Originally from Southern Europe and the Middle East, it has been cultivated there for many centuries. The remains of beets, perhaps the wild form, have even been recovered from the pyramid at Thebes, and from a Neolithic Site in the Netherlands. Apart from Mice, it has few pest or disease problems, and is one of the most widely grown crops on allotments.It is grown both for salads (the young leaves, are more nutritious than Spinach, and can be eaten as well as the root), and for pickling the roots for winter use. Beetroot come in several different shapes and colours (see photo), and are naturally quite sweet. A close relative is sugar beet which is the major source of sugar in Europe.
Health benefits. Recent research suggests that eating two beetroot a day can lead to a blood pressure decrease of up to 10 mmHg. This is because the dietary nitrate in the beetroot is converted to nitrite by the body, and then the gas nitric oxide causes the blood vessels to dilate. Also contains vitamins A and C, as well as manganese and potassium.
Sow the seeds in ground prepared to a fine tilth in April in the South and May in the North of the UK. The soil temperature should be at least 7 C. Make sure that the ground is not allowed to dry out for the first few weeks.
Thin them out in the summer, while you are weeding them and eat the thinnings, leaving the rest to grow to maturity. Keep them well watered, especially in hot dry weather otherwise they can run to seed. When picking beetroot for the pot, remember to leave about 5 cm of stalk attached to the root to reduce the colour loss while cooking.
Pests and diseases. The problems that you are likely to meet, are holes in the leaves caused by a beetle, which you can ignore. In the Autumn, mice are likely to start eating the roots, starting with “Chioggia” in preference to other varieties. To avoid mouse damage, try covering with environmesh, well waited down at the edges.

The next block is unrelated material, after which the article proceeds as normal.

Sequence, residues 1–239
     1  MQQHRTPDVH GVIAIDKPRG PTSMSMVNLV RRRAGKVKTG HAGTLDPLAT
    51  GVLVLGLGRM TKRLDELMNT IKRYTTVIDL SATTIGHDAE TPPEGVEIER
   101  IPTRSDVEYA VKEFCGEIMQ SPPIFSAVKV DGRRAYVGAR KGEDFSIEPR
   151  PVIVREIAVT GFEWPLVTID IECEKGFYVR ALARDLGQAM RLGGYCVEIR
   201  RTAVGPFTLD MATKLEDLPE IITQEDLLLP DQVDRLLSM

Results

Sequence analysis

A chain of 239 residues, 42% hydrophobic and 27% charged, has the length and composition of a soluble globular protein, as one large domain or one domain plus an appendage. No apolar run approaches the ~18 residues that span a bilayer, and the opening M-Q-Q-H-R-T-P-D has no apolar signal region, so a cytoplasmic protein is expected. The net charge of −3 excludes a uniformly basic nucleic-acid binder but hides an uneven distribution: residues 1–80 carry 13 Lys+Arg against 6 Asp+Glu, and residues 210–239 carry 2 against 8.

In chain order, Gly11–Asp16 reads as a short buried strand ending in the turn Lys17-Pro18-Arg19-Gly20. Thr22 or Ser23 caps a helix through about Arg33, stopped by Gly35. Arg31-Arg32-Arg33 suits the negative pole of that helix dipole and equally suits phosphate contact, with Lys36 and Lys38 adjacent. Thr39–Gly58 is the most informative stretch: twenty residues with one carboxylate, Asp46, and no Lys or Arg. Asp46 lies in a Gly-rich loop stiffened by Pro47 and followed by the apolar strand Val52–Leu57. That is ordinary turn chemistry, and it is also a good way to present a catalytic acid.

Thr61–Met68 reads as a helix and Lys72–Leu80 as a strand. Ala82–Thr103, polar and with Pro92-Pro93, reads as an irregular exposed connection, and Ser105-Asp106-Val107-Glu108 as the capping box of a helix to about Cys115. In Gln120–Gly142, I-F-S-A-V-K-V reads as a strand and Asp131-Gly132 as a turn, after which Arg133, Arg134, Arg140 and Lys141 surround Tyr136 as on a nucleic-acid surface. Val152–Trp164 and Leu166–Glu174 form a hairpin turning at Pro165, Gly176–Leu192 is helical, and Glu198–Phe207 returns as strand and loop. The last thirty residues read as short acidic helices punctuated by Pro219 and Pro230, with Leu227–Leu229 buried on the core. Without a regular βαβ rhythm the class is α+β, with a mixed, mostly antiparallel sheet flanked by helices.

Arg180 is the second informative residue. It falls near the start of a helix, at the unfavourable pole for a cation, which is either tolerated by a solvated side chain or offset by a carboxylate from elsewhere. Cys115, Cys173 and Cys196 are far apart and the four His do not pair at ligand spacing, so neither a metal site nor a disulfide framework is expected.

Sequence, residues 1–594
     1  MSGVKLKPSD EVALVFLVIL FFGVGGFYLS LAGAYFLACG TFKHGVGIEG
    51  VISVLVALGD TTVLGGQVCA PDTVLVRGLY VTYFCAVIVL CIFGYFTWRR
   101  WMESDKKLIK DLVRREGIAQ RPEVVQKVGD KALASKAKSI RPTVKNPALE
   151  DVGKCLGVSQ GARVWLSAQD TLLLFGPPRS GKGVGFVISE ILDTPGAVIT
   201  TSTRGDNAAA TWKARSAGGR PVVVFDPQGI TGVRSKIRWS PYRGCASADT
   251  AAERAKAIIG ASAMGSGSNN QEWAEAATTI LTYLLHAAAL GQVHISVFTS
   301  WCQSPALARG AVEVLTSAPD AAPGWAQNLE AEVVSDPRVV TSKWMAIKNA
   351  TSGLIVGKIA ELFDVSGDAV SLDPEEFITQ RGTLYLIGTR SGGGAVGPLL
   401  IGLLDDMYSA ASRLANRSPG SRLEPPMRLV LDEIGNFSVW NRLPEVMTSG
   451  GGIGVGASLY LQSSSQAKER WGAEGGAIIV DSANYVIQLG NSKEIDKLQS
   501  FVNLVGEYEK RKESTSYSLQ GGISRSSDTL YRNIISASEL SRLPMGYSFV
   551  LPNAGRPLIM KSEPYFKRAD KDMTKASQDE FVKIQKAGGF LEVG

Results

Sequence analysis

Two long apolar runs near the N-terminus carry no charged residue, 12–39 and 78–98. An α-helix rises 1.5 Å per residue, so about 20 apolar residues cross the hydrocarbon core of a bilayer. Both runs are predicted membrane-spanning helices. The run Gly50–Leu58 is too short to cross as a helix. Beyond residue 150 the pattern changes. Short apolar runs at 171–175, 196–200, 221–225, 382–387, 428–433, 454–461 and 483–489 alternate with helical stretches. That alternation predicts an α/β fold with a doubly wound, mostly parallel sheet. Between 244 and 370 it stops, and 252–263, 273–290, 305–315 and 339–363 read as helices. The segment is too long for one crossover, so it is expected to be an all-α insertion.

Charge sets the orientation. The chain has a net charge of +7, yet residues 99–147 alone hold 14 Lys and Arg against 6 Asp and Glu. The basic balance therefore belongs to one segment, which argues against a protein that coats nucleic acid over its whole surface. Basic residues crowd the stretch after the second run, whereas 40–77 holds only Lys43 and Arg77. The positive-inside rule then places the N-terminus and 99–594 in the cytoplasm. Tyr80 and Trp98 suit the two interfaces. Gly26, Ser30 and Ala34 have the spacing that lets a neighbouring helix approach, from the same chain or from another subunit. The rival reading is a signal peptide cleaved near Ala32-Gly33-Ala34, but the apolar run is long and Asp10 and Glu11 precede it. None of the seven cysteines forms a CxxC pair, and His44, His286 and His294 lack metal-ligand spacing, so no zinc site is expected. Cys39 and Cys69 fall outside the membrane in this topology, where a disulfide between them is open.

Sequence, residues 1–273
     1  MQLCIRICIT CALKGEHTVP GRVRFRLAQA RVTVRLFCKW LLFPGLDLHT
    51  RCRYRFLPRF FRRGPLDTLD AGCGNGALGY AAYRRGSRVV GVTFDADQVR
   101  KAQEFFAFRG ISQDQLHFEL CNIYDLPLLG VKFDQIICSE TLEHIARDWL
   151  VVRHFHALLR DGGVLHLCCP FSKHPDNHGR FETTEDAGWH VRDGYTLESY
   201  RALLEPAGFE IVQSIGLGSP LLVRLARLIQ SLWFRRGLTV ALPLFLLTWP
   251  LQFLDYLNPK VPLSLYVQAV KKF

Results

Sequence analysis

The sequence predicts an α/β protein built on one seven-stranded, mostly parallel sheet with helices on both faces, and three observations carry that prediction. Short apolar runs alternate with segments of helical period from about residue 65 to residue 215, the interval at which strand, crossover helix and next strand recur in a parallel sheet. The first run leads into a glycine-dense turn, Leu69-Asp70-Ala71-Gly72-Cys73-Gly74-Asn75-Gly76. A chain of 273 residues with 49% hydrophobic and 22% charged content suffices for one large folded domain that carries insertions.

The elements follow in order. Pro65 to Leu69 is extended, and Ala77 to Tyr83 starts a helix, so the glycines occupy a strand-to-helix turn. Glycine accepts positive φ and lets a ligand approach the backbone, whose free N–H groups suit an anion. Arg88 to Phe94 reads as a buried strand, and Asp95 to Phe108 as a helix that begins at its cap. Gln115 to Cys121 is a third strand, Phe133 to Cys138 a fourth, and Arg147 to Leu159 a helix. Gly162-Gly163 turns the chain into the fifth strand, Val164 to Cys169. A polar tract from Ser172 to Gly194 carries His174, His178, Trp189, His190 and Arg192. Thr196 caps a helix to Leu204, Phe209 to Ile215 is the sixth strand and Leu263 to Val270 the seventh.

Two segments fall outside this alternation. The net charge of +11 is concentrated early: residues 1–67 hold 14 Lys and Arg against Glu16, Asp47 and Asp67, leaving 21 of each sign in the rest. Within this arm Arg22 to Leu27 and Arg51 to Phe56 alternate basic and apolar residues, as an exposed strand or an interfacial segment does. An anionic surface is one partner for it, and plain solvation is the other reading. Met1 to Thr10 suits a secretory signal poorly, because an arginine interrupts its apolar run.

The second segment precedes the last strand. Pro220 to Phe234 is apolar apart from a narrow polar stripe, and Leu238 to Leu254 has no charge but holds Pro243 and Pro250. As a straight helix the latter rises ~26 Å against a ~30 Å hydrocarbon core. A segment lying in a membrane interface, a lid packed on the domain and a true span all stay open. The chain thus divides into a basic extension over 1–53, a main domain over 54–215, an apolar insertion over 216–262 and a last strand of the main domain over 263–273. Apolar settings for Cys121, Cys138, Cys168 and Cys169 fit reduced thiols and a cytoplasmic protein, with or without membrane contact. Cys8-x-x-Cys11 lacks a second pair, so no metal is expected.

Chioggia would be my first choice. Easy and fast to grow but not so suitable for boiling as the colour will leach out, unless you boil it with a couple of red ones at the same time.
Bolthardy. Globe shaped and resistant to bolting.
Pablo. Globe shaped, red.
Wodan. Globe shaped, red.
Burpee’s Golden. Produces globe shaped, golden coloured beetroot. Seems to be more difficult to germinate and not as prolific as the others. Remember to cook it separately from the others to retain the yellow colour.
Storage of Beetroot. For short term storage, they can be put into the fridge crispator for a week or so. They are not worth storing in the freezer as they become soft and flabby when defrosted.
A traditional method of storing beetroot over the Winter, is to lift and wash them and cut off the tops about an inch from the bulbous roots. Then place them in layers in strong boxes, separating each layer with damp sand or peat. Securely cover the top of the box, as mice love beetroot, especially the variety “Chioggia”, as it is so sweet. Do not start this method until it is cold, say November, and store the container in the coldest spot you can find. If the Winter is mild, the stored beets will start to grow.
Fresh beetroot leaves are also nutritious (vitamins and minerals C, K, magnesium, more iron than spinach), and can be chopped up and added to salads, or steamed. Sauté them in a little oil, add balsamic vinegar and mix with pasta.